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Comparing metabolic profiles between female endurance athletes and non-athletes reveals differences in androgen and corticosteroid levels

journal contribution
submitted on 2023-12-06, 11:56 and posted on 2023-12-07, 08:16 authored by Amneh H. Tarkhan, Najeha R. Anwardeen, Maha Sellami, Francesco Donati, Francesco Botrè, Xavier de la Torre, Mohamed A. Elrayess

Endurance training is associated with physiological changes in elite athletes, but little is known about female-specific effects of endurance training. Despite the significant rise in female sports participation, findings from studies performed on male athletes are largely extrapolated to females without taking into consideration sex-specific differences in metabolism. Subsequently, this study aimed to investigate the steroid hormone profiles of elite female endurance athletes in comparison with their non-athletic counterparts. Untargeted metabolomics-based mass spectroscopy combined with ultra-high-performance liquid chromatography was performed on serum samples from 51 elite female endurance athletes and 197 non-athletic females. The results showed that, compared to non-athletic females, certain androgen, pregnenolone, and progestin steroid hormones were reduced in elite female endurance athletes, while corticosteroids were elevated. The most significantly altered steroid hormones were 5alpha-androstan-3alpha,17alpha-diol monosulfate (FDR = 1.90 × 10-05), androstenediol (3alpha, 17alpha) monosulfate (FDR = 2.93 × 10-04), and cortisol (FDR = 2.93 × 10-04). Conclusively, the present study suggests that elite female endurance athletes have a unique steroid hormone profile with implications on their general health and performance.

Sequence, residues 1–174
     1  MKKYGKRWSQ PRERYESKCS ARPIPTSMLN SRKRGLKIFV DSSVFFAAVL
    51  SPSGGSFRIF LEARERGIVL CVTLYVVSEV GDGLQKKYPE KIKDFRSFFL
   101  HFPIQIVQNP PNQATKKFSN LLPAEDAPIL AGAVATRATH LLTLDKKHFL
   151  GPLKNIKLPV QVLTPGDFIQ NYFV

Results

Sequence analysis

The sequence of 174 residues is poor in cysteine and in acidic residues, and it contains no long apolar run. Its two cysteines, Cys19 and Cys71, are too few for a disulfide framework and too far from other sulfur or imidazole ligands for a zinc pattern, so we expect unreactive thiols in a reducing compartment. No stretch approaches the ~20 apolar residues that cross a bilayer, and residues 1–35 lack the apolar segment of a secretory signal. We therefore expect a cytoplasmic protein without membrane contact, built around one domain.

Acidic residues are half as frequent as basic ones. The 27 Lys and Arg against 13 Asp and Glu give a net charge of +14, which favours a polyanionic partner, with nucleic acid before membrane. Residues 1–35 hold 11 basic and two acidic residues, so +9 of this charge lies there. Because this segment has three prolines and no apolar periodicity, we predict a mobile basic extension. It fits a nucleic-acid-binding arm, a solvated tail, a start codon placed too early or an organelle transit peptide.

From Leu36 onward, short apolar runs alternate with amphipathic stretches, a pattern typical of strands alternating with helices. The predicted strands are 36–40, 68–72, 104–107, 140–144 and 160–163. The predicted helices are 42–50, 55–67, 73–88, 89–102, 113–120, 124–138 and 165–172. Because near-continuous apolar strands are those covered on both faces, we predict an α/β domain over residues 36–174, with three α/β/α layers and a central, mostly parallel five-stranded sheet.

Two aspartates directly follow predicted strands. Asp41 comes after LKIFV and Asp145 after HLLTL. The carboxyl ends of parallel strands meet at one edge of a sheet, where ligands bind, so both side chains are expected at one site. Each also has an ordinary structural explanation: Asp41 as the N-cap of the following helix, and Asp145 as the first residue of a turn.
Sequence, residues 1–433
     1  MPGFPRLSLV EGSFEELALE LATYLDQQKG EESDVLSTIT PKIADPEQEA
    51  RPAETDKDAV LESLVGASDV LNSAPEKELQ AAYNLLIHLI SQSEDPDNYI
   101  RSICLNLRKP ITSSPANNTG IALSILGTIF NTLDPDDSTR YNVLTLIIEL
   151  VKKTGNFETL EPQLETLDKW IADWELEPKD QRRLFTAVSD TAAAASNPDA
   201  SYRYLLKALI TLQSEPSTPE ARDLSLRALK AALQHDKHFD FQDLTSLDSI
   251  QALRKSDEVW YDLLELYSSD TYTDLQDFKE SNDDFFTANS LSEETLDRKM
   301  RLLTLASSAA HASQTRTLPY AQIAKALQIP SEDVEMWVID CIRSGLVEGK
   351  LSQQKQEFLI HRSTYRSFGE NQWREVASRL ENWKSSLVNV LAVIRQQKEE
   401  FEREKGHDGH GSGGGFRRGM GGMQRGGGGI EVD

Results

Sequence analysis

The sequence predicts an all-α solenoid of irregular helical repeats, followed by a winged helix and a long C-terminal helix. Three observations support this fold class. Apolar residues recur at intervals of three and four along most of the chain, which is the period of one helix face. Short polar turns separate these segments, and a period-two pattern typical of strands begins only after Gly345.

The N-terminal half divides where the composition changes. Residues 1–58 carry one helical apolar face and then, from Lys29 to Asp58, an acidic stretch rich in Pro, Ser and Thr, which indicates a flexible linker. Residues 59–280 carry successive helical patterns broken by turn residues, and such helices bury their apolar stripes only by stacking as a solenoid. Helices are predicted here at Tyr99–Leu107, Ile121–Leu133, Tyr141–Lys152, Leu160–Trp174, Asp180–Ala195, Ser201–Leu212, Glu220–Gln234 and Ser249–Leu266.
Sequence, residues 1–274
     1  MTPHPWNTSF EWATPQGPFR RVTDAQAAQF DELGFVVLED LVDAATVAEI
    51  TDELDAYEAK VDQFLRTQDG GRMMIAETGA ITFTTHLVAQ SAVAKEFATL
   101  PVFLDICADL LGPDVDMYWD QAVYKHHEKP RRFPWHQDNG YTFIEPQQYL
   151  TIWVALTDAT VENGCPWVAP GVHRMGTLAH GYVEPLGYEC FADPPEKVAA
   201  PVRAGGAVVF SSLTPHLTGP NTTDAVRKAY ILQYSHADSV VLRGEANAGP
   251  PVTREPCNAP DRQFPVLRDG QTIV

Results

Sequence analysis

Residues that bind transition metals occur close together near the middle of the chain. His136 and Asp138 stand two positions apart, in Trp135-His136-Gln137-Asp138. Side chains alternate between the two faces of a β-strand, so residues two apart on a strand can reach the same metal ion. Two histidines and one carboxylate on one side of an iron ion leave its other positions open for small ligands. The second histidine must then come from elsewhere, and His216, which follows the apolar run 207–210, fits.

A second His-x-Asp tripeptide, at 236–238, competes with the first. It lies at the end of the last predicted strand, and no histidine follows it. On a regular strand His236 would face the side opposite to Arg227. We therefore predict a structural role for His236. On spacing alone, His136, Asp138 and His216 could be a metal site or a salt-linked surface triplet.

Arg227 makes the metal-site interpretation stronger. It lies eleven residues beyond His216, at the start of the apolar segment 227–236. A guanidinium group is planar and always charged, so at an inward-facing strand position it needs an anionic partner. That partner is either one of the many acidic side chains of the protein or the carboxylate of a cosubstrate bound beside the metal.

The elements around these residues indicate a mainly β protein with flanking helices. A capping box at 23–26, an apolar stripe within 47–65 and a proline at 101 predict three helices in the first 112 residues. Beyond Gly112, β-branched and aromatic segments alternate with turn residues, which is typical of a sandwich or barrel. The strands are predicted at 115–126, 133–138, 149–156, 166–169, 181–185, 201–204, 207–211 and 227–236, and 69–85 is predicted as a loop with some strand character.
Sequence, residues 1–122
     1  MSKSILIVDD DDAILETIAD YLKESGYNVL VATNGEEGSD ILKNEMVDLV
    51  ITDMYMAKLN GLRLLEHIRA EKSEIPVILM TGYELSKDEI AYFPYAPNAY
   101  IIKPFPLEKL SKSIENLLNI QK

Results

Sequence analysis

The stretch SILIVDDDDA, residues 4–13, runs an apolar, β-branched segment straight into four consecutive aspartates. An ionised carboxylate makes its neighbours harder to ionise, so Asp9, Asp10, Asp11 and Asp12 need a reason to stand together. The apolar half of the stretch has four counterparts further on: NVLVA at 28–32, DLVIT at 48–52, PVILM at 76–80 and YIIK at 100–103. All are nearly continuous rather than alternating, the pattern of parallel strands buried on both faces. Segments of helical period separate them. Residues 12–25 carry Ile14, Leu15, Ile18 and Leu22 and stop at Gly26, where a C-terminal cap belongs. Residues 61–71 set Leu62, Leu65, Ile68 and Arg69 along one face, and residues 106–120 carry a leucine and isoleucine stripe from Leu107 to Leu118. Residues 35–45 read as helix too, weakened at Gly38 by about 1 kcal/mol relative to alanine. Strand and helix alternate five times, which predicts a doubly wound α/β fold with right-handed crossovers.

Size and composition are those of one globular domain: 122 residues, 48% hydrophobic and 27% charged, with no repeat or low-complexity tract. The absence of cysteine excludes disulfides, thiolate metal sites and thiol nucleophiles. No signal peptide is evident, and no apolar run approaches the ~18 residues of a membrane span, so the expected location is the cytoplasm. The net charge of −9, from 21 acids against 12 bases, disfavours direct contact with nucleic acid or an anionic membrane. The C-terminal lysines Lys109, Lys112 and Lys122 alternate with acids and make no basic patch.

Other Information

Published in: The Journal of Steroid Biochemistry and Molecular Biology
License: http://creativecommons.org/licenses/by/4.0/
See article on publisher's website: https://dx.doi.org/10.1016/j.jsbmb.2022.106081

Funding

Open Access funding provided by the Qatar National Library.

History

Language

  • English

Publisher

Elsevier

Publication Year

  • 2022

License statement

This Item is licensed under the Creative Commons Attribution 4.0 International License.

Institution affiliated with

  • Qatar University
  • Biomedical Research Center - QU
  • College of Education - QU
  • Qatar University Health - QU